Movie Review: ‘Everything, Everywhere, All At Once’ emphasizes love through dimension hopping

Multiverse movie asks us how far we are willing to go for love



The multiverse is not just in Marvel movies. The Daniels do a fantastic job of exploring its complexities in their long-anticipated project, released by A24.

DAYLON HICKS, Evergreen reporter

When you think of the multiverse, your thoughts would most likely drift to Marvel or DC films, but A24 decided to take a shot at the concept with “Everything, Everywhere, All At Once,” and they hit it out of the ballpark.

The mind-boggling film from directors Daniel Kwan and Daniel Scheinert (commonly known as the Daniels) does not feel like a movie, but rather an experience. The center of attention is Evelyn Wang, played by Michelle Yeoh, who shows courage and poise despite having doubts about some aspects of her life.

She left China as a young woman, running away with her husband, Waymond. They now run a struggling laundromat business in America. 

Evelyn’s life swirls in all different angles as her daughter, Joy, suffers from low self-esteem. Joy also has a girlfriend named Becky, and Evelyn struggles to confront their relationship throughout the film. 

As Evelyn struggles with her family and business, her frustration and worry lead her to begin drifting through other dimensions.

One dimension is home to a different Waymond, one who is composed and confident. He is also an expert in mixed martial arts (and uses a fanny pack as a deadly weapon). He quickly explains to Evelyn that the multiverse is threatened by Jobu Tupaki, who turns out to be someone that has been everywhere and who suffered everything all at once. 

However, the beauty of the film is not just the plot, but the cinematography. Each scene has a deeper meaning that develops the story further.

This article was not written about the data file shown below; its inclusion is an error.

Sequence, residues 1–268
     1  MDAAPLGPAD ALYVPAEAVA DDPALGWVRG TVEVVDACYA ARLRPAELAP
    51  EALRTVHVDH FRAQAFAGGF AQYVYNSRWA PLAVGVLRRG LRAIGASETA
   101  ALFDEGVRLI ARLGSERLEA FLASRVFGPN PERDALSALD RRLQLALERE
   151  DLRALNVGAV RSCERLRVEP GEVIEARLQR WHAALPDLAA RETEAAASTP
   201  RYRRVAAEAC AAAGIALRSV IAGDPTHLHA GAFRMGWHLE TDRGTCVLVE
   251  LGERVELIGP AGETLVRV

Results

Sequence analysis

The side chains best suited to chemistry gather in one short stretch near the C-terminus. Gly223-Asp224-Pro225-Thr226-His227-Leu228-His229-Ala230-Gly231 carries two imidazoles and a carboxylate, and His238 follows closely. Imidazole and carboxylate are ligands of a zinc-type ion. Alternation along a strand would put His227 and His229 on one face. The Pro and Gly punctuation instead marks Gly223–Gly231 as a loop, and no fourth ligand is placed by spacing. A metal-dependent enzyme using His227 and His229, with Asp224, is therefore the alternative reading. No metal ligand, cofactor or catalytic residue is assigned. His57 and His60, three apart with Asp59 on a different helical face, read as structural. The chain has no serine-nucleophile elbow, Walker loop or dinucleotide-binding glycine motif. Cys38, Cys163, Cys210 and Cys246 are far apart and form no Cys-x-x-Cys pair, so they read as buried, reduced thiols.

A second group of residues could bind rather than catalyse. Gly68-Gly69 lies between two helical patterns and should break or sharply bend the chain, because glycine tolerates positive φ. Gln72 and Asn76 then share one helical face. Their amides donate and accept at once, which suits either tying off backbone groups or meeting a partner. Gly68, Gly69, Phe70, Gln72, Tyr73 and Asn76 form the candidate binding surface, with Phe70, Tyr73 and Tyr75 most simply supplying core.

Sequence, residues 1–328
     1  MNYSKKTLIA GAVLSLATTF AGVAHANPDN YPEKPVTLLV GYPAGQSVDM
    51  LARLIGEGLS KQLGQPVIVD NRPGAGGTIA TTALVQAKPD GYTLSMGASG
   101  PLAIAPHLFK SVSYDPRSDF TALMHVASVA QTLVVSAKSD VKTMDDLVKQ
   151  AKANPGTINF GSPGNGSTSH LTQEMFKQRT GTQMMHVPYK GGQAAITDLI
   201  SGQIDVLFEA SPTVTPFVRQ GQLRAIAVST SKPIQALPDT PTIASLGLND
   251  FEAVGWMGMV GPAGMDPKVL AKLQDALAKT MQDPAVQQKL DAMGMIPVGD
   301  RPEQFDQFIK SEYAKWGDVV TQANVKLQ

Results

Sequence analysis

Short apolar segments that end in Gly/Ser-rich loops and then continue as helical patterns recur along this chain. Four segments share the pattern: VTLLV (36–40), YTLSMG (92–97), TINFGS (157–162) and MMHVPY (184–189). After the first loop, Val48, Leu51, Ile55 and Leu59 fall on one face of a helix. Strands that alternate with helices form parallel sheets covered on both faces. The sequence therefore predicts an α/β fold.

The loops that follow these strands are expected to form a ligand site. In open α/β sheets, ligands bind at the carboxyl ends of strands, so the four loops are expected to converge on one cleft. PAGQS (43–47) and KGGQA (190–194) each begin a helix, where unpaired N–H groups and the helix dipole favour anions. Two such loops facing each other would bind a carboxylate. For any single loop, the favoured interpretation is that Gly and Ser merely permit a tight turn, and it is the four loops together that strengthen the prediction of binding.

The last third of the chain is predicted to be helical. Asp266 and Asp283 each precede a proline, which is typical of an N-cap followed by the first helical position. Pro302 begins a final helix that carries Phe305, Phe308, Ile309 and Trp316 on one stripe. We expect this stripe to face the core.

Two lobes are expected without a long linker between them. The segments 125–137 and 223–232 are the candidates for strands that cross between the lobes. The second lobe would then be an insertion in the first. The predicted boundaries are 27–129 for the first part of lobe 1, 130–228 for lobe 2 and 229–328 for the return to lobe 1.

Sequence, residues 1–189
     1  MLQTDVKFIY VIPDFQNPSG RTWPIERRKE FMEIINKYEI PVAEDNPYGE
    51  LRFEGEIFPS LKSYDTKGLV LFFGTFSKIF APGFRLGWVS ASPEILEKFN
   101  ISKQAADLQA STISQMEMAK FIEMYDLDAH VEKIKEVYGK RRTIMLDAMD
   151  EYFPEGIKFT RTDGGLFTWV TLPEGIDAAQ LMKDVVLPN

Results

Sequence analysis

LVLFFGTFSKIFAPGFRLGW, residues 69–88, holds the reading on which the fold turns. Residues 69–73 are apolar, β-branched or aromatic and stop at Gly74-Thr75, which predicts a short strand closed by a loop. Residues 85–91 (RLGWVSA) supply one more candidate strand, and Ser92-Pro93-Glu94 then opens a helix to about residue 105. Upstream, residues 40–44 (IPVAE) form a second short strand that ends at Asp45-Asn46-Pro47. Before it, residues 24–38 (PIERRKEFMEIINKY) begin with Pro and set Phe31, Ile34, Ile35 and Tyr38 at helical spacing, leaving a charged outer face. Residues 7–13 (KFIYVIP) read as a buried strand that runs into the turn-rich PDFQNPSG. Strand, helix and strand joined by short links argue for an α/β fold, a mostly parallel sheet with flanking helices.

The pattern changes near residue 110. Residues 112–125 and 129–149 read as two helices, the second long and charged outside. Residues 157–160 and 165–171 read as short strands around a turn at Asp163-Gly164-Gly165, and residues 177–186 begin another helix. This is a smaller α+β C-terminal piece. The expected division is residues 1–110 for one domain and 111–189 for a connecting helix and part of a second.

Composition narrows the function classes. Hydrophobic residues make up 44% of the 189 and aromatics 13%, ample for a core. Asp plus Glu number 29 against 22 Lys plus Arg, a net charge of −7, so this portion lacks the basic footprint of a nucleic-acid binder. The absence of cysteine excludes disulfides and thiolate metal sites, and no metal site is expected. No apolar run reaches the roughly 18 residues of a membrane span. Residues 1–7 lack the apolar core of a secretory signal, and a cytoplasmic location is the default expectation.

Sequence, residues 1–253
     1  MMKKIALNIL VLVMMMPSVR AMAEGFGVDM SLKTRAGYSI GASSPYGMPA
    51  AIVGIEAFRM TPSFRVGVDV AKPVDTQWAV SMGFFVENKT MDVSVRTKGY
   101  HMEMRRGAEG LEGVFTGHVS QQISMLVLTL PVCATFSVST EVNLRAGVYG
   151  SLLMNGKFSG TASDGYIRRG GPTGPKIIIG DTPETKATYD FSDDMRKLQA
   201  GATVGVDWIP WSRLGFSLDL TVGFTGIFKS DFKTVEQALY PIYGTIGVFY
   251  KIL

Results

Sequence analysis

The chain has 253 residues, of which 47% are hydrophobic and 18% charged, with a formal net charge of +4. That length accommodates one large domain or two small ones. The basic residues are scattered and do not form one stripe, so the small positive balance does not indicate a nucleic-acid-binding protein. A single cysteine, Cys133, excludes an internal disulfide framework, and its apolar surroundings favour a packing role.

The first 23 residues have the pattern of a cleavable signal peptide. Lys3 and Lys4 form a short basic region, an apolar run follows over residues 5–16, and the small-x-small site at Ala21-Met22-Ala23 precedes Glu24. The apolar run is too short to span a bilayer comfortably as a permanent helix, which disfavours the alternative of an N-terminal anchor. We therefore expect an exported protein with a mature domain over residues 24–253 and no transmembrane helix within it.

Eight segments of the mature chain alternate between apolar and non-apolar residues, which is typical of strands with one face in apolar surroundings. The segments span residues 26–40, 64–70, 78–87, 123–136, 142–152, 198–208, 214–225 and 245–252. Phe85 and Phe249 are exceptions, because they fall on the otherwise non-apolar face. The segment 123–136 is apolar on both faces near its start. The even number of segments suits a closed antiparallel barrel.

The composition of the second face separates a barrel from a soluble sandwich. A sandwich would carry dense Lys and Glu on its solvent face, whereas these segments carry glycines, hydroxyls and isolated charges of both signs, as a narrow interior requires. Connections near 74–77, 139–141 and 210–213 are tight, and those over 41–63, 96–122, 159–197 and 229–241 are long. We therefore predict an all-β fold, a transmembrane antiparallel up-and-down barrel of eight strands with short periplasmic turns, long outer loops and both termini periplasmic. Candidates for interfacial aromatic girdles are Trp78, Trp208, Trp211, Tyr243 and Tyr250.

Cinematographer Larkin Seiple’s angle for the film was different from other cinematographers. Others, like Roger Deakins of “Blade Runner 2049” and “1917,” for example, focus on subtle camera movements with different color palettes; Robert Richardson, meanwhile, (known for “Kill Bill” and “The Hateful Eight”) focuses on using the angles to tell the story from within.

Instead, Seiple uses confusion to simulate the perplexing pandemonium of the multiverse. The pacing can be disorienting at times, but with the multiverse, confusion is part of the journey. 

However, due to this style, keeping up with the characters was quite difficult, and understanding the narrative could be just as challenging. Even so, Seiple’s vision represented the film’s message about life’s journey – you are always lost, stumbling to get found. 

Closer to the end, Seiple highlights the characters’ intentions and personalities through the cinematography as we begin to understand what Evelyn, Waymond and Joy went through.

From the wide shots of Waymond asking Evelyn for a divorce in an RV, to close shots of Evelyn staring at Joy, you can truly feel the emotions that Evelyn deals with throughout the film. 

The film had moments of zaniness, such as when Evelyn and Wang were rocks and communicated off of subtext, or a satire of Wong Kar-wai’s “In the Mood For Love,” a world where humans have hot dogs for fingers and play the piano with their feet. 

“Everything, Everywhere, All At Once” is wonderful because of the simple idea of love and how true you are to your own beliefs. Through the film, you sense growth from each character. Change was necessary in order for them to improve their morals.

Evelyn learns to trust her daughter more, Waymond learns his reason for loving Evelyn again and Joy understands the pain her mother has had to endure.

We all struggle with our understanding of love from time to time, but the multiverse that Evelyn hopped through shows us that, at its core, love is simply a question of how far we are willing to go for those we care about.